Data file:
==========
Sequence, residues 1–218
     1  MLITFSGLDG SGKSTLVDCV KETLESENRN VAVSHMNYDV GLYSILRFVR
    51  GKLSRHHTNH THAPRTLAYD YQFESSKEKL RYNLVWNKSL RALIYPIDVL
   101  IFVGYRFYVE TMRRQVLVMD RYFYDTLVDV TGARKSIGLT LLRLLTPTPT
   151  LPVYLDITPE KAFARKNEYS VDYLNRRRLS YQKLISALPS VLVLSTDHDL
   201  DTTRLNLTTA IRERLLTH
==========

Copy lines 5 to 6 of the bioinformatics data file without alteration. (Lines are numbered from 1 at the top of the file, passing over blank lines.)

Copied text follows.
   151  LPVYLDITPE KAFARKNEYS VDYLNRRRLS YQKLISALPS VLVLSTDHDL
   201  DTTRLNLTTA IRERLLTH